1972 Munich Olympics Stamp, Republic of Equitorial Guinea 1

Equatorial Guinea





Not all Olympic memories are golden, Munich is forever overshadowed by eleven Israeli lives lost to terrorism.

Demonstration sports were badminton and the one, and only time, for water skiing, with jump, slalom and figure skiing medals.

1980 Moscow

1980 Moscow Olympic Stamps USA 2


1980 Moscow Olympics USA 1


Moscow had the cutest little mascot, Misha the Bear. The US plus 65 other countries boycotted the 1980 Summer games. First time appearances by Angola, Botswana, Jordan, Laos, Mozambique, and Seychelles.

We’re now at the XXIII Olympiad, 1984 Los Angeles

1984 LA Olympic Stamp USA 2


1984 LA Olympics USA 1


1984 LA Olympics Stamp Czechoslovakia 1


Now it’s the USSR who boycotted, along with 16 other countries, including  Czechoslovakia. But newcomer Equatorial Guinea debuted with five athletes.

Twenty-nine swimming events were held. Demonstration sports were baseball and tennis. And the first of four appearances by Carl Lewis.

1988 Seoul



1988 was the first Olympic appearances by Aruba, American Samoa, Brunei, Cook Islands, Maldives, Vanuatu, Saint Vincent and the Grenadines, and South Yemen. For a total of 159 countries competing. Badminton, baseball, bowling, judo, tae kwon do, and wheelchair racing were all demonstration sports. The USSR won the overall medal count.

1992 Barcelona





The Iron Curtain had fallen, and twelve of the fifteen former Soviet republics made up the membership of the 1992 Unified Team. The team had 475 members. The San Marino Summer Olympic team had increased to a robust 17 members.

The Olympic symbol of five interlocking rings representing the five continents was designed in 1912.  The six colors used represented the colors of flags of the nations competing at that time.

Seeing the growth and changes from the countries to the events is so fascinating. And what has stayed the same.

The first modern Summer Olympics in 1896 had 43 events.  The 1960 Games had 150 events and 5,338 competitors.  Rio will have 306 events and more than 11,000 athletes.

 Let’s Go USA!



This may be the games for San Marino to win it’s first medal.  Ralph Lauren will be outfitting 552 Team USA Olympians.  The Russian Federation will be a party of 279, with youngest member 16 and the oldest 51. Thirty-four events will be swimming***.

Who doesn’t love the opening ceremonies? A perfect time to make memories with my family. (London still dazzles.) Fourteen hours away as I am about to push ‘post’.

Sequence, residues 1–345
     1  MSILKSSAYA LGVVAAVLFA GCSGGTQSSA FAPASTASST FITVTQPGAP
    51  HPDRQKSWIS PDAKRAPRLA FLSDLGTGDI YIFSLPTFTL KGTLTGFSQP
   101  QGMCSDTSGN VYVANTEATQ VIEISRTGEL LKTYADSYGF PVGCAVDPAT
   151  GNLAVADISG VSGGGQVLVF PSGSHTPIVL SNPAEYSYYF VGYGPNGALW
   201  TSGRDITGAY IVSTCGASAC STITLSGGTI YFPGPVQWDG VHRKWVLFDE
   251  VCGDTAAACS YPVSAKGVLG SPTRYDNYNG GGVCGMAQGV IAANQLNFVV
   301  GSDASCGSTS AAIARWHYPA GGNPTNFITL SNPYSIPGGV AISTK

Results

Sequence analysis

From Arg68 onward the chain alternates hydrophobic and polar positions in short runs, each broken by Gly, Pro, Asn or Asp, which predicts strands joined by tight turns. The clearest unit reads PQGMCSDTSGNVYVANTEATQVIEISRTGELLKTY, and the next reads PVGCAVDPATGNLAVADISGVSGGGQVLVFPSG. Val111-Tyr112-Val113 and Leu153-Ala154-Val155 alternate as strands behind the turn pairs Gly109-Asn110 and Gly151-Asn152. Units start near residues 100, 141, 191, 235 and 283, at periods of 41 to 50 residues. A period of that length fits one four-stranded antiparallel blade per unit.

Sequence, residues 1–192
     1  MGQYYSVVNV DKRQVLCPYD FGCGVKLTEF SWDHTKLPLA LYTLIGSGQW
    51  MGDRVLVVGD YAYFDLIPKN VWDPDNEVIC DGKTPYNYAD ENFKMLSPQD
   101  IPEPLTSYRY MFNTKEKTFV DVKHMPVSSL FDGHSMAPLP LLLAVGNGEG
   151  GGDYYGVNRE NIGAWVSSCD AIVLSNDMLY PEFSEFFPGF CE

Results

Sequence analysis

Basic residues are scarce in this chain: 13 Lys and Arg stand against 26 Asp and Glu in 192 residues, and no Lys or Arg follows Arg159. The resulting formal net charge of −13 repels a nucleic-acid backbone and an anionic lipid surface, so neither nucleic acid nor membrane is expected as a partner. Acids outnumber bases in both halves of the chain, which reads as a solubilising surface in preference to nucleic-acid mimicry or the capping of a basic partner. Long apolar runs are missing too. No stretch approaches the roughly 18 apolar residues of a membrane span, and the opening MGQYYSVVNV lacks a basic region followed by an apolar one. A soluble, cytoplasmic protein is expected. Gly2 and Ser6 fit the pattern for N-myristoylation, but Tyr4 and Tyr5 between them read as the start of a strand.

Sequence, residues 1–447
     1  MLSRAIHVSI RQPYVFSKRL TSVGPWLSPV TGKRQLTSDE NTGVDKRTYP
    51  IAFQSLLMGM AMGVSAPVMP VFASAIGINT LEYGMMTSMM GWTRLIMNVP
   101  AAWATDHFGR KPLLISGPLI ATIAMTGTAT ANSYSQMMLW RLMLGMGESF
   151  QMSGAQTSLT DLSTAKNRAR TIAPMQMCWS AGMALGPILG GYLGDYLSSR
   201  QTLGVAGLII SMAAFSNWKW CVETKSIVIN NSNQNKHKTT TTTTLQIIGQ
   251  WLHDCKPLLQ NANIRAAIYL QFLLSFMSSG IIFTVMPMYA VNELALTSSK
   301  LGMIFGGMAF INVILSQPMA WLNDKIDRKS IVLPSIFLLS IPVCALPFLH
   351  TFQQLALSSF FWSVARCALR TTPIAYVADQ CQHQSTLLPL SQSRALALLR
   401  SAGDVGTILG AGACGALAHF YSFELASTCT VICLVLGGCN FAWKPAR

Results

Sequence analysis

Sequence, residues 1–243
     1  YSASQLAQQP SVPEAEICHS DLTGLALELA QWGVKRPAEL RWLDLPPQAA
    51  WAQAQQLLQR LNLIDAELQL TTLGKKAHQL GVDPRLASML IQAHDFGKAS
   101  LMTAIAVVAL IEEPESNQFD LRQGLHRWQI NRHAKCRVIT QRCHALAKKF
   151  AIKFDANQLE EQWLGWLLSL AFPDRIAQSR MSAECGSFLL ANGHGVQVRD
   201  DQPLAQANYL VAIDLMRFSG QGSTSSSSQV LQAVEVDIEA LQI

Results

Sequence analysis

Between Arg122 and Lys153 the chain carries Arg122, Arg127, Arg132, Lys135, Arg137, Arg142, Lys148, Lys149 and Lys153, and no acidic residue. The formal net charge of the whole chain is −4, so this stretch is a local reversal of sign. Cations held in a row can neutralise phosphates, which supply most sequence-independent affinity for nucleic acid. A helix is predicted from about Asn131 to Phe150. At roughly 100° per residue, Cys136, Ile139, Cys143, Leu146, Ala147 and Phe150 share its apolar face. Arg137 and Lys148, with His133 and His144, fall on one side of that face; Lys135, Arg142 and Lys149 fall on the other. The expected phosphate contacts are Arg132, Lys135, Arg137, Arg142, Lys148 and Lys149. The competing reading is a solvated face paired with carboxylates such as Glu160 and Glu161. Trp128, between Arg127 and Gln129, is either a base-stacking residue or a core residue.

FYI: Rio 2016 resource.

There is a nice little old man who is a vendor at one of my favorite flea markets.  He who gave me my first stamp group of 100 in a little glassine envelope for free, “Oh, you’re a mother, these are so nice for crafts”. Yes, they are, AND these tiny pieces of history are a bit addictive. (Hey, that vendor is truly a vintage dealer.) And so it began, I just love the graphics.

A big THANKS to my family who helped me sort through a few (1,500?) stamps when I got the ‘theme’ bug. Another mini portfolio ready for 2018 Winter Olympics in Pyeongchang, South Korea. Hope I remember.  . .

***Swimming is a frame of reference for growth. We’ll be keeping an eye on soccer, equestrian, gymnastics and fencing events.

Happy Birthday Your Royal Highness

Happy Birthday Dear Lizzie, Happy 90th Birthday to you!

I’ve enjoyed the photos and historical snippets shared today in honor of The Queen. An incredible life. HRH Elizabeth II is now the longest-reigning British monarch, passing her great-great grandmother more than six months ago.

Quite surprised,  I found I do have a mini-Queen collection.

Souvenir candy tin from her coronation in 1953

1953 Queen Elizabeth Tin

Tin detail

Alas, no candy humbugs remain.

Candies and Humbugs

The 2012 Olympic Opening Ceremony in London gave us a peek of the Queen. Regal, reigning, and spunky?  James Bond, corgis, tour via helicopter. Yes, spunky.

Parachuting is nontraditional, but she gets around in other ways too.  She has visited +/- 120 of the worlds countries.Australian Stamp

This trip was yet a different method–via stamp. Australia to Seattle, with a little post-marked shark nibbling near her ear.

Amazingly, her image has been produced on thirty-three different currencies.

Ceylon Rupee from 1952

1952 Rupee

 Australian Five Dollar Note,

Australian Five Dollar bill (2)

PS. The variety of items embedded in each Australian note are impressive.

The recent Annie Leibovitz family photos are warm moments shared.  (Mia & the handbag!)

Some key support systems have been in place for decades. Her dad brought home a Corgi in 1933

and she still has corgis and dorgis todayQueen and her corgis  Getty Images 2013

All of the best to you in your 90th year.

Temporary Vignette (aka the Brussel Sprouts Post)

I’ll admit watching the Instagram Husband made me chuckle, and was a tad inspiring. Rarely taking food pictures, I snapped a quick photo of dinner-in-progress to amaze/entertain family & friends.  (My kids love brussel sprouts. One munchkin even requested them for her birthday dinner. I know, crazy.)

However, the image kept floating across my mind. Odd. Yet I had a twinge that the blog-world just might need a brussel sprouts photo.

Not much really here except a side dish, or is there?

Brussel Sprouts

Hmmm, a vignette in your home displays what you hold dear.  A temporary vignette just might too.

This snapshot is a snapshot of my life.  So, what’s cookin’?

  • Pink Hawaiian sea salt, purchased not for culinary goals but because we have four daughters. It’s pink!
  • A tiny Ball jar, originally a gift of honey from a friend’s apiary.
  • Butter. My husband is Norwegian, for him butter is a food group. The butter tray is not-quite milk glass thrifted Pyrex.
  • The vintage pepper pot is a flea market find. I have knocked it out of the cabinet more than once, demolishing the lid and adding a few chips/patina. (Clouds of pepper, achoo! )

  • The antique cast iron pan belonged to my Grandmother.  The colander was also hers, I remember wearing it on my head playing in her kitchen.  These items have been preparing dinner for at least 80 years.
  • The wooden spoon is a souvenir from Paris. Beautiful and useful. Sigh, I love Paris.   The spoon was purchased at the E. Dehillerin cookware store. This trip was a “carpe diem/can’t believe this airfare/I have a coupon” moment. As a bonus, the spoon gives me less than six degrees of separation from customers Chuck Williams, Julia Child, and Martha Stewart. (#letsgonow)